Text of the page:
TeenAndTween Thu 19-May-16 14:44:57

What I learned last year with science GCSEs, is that there is an awful lot of content, and that every line of the revision guides count.
There may just be an example of e.g. a fresh water indicator species, and that can come up in the exam.
So using independent companies for unbiased research may be almost a throw-away line on a packed page, but you can't actually throw it away, you have to know about it.

princessmi12 Thu 19-May-16 14:45:23

My DS sat biology GCSE Unit 1on Tuesday and told me later on about drunk 15 year olds and rats questions.
I just find it annoying ..On one hand everyone is aware 15 year old can't buy alcohol, on the other AQA suggests 15 year old DO have drinking habits .What message does it send to an average teenager? "Oh the law is there to prohibit underage drinking, but most kids our age DO drink so its not so bad if I join the crowd"...

SunnySomer Thu 19-May-16 14:46:52

But the independent company one surely is scientific. At my DS primary school when they do science experiments they talk about how results could be skewed and why they shouldn't be.....

TeenAndTween Thu 19-May-16 14:47:39

OP, I assumed you were talking about the drunk rats. smile I don't know about them in detail but have been reading about them on the Secondary board.

FarAwayHills Thu 19-May-16 14:47:57

I agree in principle with the idea that exams should be hard and a proper test of students abilities.

However, the exam should also be relevant to the subject and syllabus. I can see why people moan when students and teachers spend so much time and effort studying the curriculum only to be asked something completely random.

StepAwayFromTheThesaurus Thu 19-May-16 14:49:48

DS1 sat GCSE biology on Tuesday and said nothing about drunk rats and independent companies. He just said it went ok and he found it easier than he thought it would be (which doesn't mean anything really, as he might have thought he wasn't going to be able to answer anything).

I don't really understand the outrage. They all sat the same paper.

Having read some of the online news coverage, I think people need to get over themselves about the 15 year olds and alcohol. We'd have found that hilarious back in the 1990s; we wouldn't have been petitioning the exam board about being irresponsible in encouraging underage drinking.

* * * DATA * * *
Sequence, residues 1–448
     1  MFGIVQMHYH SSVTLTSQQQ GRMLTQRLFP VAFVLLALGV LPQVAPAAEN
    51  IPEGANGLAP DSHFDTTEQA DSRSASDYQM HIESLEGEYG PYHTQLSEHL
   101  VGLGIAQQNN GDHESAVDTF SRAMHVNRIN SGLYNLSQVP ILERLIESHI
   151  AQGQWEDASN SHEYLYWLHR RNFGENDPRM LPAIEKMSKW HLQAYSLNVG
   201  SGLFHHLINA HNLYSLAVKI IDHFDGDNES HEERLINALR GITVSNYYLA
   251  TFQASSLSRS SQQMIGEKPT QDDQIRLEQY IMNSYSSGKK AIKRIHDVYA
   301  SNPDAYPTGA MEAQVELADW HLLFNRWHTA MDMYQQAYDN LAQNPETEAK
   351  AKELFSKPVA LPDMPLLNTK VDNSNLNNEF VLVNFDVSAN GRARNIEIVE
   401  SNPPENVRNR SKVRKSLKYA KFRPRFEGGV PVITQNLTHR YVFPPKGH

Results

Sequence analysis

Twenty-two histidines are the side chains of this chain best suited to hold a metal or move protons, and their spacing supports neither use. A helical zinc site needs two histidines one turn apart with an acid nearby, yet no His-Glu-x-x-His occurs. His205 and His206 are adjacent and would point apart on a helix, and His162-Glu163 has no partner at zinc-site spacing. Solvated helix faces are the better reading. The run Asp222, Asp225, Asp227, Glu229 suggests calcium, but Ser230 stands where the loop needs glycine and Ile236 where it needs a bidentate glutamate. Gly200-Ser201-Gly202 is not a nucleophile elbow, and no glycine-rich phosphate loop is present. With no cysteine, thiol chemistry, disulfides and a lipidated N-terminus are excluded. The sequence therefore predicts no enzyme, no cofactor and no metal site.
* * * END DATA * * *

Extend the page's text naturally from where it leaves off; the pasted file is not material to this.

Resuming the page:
Whathaveilost Thu 19-May-16 14:51:05

Maybe sunny

DS wasn't moaning about it but said a lot of people were on social media complaint about the content of the exam to what they had actually been taught over the previous years and he was expecting more biology related questions rather than perhaps a general science one. I would have thought questions about companies and testing would have sat in a different exam rather than biology but hey, what do I know!

StepAwayFromTheThesaurus Thu 19-May-16 14:52:25

I agree the independent company question is scientific if you actually read the paper. They don't want a business studies answer. They very clearly want one that shows knowledge of scientific methods.

Whathaveilost Thu 19-May-16 14:54:14

Fair enough, DS seemed happy with his answer.
He was just telling me what questions were on the papers like he has every night so far.

Ginbucket Thu 19-May-16 14:56:25

As a teacher I can tell you no matter how much you prepare your pupils, there will always be questions on the paper that are unlike ones they have practiced before- this is how they test to see whether you understand a topic and that you haven't just memorised exam answers from previous years! It means that you can get a wider spread of marks across a cohort.
I agree op!

arethereanyleftatall Thu 19-May-16 14:57:27

Yanbu.
I so agree with you.
So many complaints from parents over GCSEs, sats, 11+, etc because it's too difficult for their child; forgetting totally that they're totally achievable for another child.

grimupnorthLondon Thu 19-May-16 15:17:41

Exactly Ginbucket. I am a university lecturer and am increasingly weary at listening to complaints from students that really amount to "You want me to think for myself!?!? Just tell me the answer".

Seeing the GCSE culture through DD's exams is giving me a strong inkling of where this attitude begins.